First, it’s important to establish the basics of the song you’re playing. As with any piece of music, learning “What Child Is This?” requires you to be familiar with both its key signature and time signature. In this case, the key is G Major and the time signature is 4/4. With this understanding in place, let’s dig into fingering tips for playing “What Child Is This?”

The opening phrase should begin on a G Major chord (fingers 1-2-3) so that your first three notes are a chord rooted on the tonic (G). Since this first phrase is diatonic (does not include any non-scale notes) your fingers should move together slightly down the fretboard in order for you to reach increasingly higher frets over each successive note. While it’s easiest to keep fingers 1-2-3 grouped together as you move from one fret position to another, if it’s comfortable for your hand or arm then feel free to reorder them as needed. If that helps make a smoother transition then go ahead and do it!

When faced with an ascending melodic line, it can be helpful at times to cheat by using hammer-ons or pull-offs rather than picking every note from scratch. The trick here is subtlety: pay attention to how much force you use when applying these techniques so that each hammered note still has some breathing room before it blends in with what comes next. A gentle touch gives your tone more clarity and dynamic variety than just straightaway strumming would allow for.

The next phrase starts off similarly enough but veers at the fifth measure into a V7 chord followed by other chromatic movements that take us back home again. Staying true to form, our initial three fingers should again be coordinated while they move between frets; however, if you have difficulty maintaining control here then try using slides or vibrato techniques as well – both can help give nice fluidity while keeping things under control at high speeds too! Additionally, bear in mind that when approaching new chord voicings (like those found throughout “What Child Is This?”) focus on understanding finger placement rather than relying solely on muscle memory alone – doing so will help strengthen your overall technique and give greater musical expression in general!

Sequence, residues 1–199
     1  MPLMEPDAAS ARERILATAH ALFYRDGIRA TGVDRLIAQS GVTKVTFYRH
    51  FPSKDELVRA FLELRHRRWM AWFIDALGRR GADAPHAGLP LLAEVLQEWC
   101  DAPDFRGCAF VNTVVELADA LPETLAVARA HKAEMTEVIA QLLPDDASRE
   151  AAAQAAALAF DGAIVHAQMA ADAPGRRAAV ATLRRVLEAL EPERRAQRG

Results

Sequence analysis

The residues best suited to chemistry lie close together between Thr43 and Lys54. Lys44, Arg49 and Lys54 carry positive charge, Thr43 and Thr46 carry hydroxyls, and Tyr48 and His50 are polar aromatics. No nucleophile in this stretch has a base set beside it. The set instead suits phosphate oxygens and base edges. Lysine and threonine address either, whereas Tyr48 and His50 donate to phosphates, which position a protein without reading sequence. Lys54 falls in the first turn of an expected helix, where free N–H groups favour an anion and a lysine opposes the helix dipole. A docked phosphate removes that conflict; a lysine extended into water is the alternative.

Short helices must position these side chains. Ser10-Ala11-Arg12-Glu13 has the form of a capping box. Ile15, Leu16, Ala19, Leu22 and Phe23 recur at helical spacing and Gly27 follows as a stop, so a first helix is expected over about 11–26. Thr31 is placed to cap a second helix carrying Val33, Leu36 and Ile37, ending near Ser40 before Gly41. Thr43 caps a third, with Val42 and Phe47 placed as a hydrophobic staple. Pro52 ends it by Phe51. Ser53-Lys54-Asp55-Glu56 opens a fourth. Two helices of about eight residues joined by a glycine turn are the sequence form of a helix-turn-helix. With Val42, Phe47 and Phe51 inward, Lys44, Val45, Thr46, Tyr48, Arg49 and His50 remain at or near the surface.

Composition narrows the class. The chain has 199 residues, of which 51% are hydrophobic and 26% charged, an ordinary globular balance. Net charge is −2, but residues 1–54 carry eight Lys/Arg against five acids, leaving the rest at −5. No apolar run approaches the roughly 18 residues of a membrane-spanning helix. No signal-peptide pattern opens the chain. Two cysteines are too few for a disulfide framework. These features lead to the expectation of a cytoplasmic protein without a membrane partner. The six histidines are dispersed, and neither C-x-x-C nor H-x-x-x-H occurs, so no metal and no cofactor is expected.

Finally don’t forget about incorporating alternate fingering patterns into your practice whenever possible – not only does this sharpen technical proficiency but also gives more insight into complex compositions like “What Child Is This?” where multiple interpretations can exist simultaneously!

Step-by-Step Guide to Playing “What Child Is This?” on Piano

Playing “What Child Is This?” on the piano is a beautiful way to honor the spirit of Christmas for family and friends. This peaceful carol evokes a timeless sense of promise and hope, especially during this special time of year. It can be a bit tricky at first with its varied rhythms, mixes of chords and fast transitions, but don’t worry – with practice and patience, you’ll soon be playing “What Child Is This?” like a pro! Here’s a step-by-step guide to get you started on piano.